It was many years ago when I first met Artelle. She was an elderly lady who ran the Credit Union where I had an account. She was over eighty years old at that time and I wondered why she was still working at her age. As I got to know her, I found that her husband had died and she had an adult son, still at home, who had some problems. The money she earned helped but it seemed equally important for her to be connected and involved in the world around her. She always took the time to converse with the customers and showed an interest in their lives.

One day prior to a holiday period she asked if I had vacation plans. I mentioned I was going to spend the holidays at my home on Catalina. It was as if a light went on in her eyes. “Catalina! I grew up in Southern California and used to go to Catalina all the time,” she proclaimed. She then asked me to come into her office and she told me about her remembrances of the island.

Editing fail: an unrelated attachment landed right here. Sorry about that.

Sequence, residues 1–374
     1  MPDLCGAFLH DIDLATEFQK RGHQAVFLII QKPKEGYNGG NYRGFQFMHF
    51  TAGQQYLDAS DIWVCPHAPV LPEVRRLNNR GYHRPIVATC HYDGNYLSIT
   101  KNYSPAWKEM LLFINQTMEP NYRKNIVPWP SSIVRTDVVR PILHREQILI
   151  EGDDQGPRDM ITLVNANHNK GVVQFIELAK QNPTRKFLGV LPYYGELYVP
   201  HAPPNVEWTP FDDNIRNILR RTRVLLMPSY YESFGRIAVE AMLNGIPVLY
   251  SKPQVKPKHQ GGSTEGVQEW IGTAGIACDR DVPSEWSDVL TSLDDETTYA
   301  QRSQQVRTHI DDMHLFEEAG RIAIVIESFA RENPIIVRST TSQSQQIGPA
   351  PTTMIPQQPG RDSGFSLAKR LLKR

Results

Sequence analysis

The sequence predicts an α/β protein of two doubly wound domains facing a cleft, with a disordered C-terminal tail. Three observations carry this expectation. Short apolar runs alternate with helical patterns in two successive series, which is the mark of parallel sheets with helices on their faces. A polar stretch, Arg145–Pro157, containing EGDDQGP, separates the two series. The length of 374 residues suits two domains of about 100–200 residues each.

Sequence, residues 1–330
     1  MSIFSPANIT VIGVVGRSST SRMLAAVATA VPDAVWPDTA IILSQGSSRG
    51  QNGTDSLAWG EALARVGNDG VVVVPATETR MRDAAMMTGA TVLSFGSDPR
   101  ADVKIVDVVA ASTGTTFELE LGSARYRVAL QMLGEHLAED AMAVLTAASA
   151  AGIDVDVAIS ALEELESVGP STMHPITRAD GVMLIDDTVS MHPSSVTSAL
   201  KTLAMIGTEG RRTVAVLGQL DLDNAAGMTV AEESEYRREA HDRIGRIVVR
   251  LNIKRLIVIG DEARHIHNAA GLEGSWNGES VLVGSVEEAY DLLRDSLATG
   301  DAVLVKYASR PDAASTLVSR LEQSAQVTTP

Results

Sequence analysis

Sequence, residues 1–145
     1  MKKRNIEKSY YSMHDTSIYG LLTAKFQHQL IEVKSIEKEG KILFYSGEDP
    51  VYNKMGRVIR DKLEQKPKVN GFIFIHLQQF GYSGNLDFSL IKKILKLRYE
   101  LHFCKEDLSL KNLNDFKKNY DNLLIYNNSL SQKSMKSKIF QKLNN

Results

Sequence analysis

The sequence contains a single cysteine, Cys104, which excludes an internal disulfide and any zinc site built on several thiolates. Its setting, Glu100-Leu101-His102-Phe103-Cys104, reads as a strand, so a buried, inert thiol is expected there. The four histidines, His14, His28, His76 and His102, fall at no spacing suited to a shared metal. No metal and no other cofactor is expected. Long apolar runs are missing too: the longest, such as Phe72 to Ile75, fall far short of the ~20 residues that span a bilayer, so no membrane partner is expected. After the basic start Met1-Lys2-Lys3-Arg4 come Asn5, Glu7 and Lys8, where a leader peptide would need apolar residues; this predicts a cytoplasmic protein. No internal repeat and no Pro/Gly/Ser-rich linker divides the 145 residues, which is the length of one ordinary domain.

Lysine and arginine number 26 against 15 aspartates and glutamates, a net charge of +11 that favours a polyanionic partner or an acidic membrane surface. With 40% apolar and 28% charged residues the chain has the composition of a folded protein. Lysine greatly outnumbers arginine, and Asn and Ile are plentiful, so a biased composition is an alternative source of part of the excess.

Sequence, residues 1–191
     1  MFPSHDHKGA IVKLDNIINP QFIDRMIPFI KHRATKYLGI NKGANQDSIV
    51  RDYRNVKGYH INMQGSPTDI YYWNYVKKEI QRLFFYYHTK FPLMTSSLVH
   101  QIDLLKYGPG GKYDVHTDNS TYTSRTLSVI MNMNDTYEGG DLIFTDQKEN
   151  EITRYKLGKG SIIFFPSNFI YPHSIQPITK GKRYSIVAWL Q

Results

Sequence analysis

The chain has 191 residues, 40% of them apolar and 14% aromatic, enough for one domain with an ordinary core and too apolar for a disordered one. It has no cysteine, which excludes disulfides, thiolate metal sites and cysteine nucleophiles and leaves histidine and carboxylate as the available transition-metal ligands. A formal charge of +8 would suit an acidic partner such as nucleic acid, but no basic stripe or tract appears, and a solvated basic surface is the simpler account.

When she was in her late teens/ early twenties, Artelle and her girlfriends used to catch the ferryboat, the S.S. Catalina, in Wilmington and go to Catalina for the weekend. It was the late 1930’s and the main attraction was the big bands playing at the casino ballroom.  There was no TV at that time but the music was broadcast on the radio all over the country. The boats also featured bands, dancing and entertainment on the passage over. Back then, the boats weren’t as fast as the express boats of today and the trip took about two and a half hours. She and her friends got “all dolled up” as she put it. “The ladies all wore fancy dresses and the men wore suits and ties and we danced on the boat all the way to the island,” Artelle stated. Then she mentioned with a sly grin that she and the girls sometimes had a few cocktails on the boat ride over.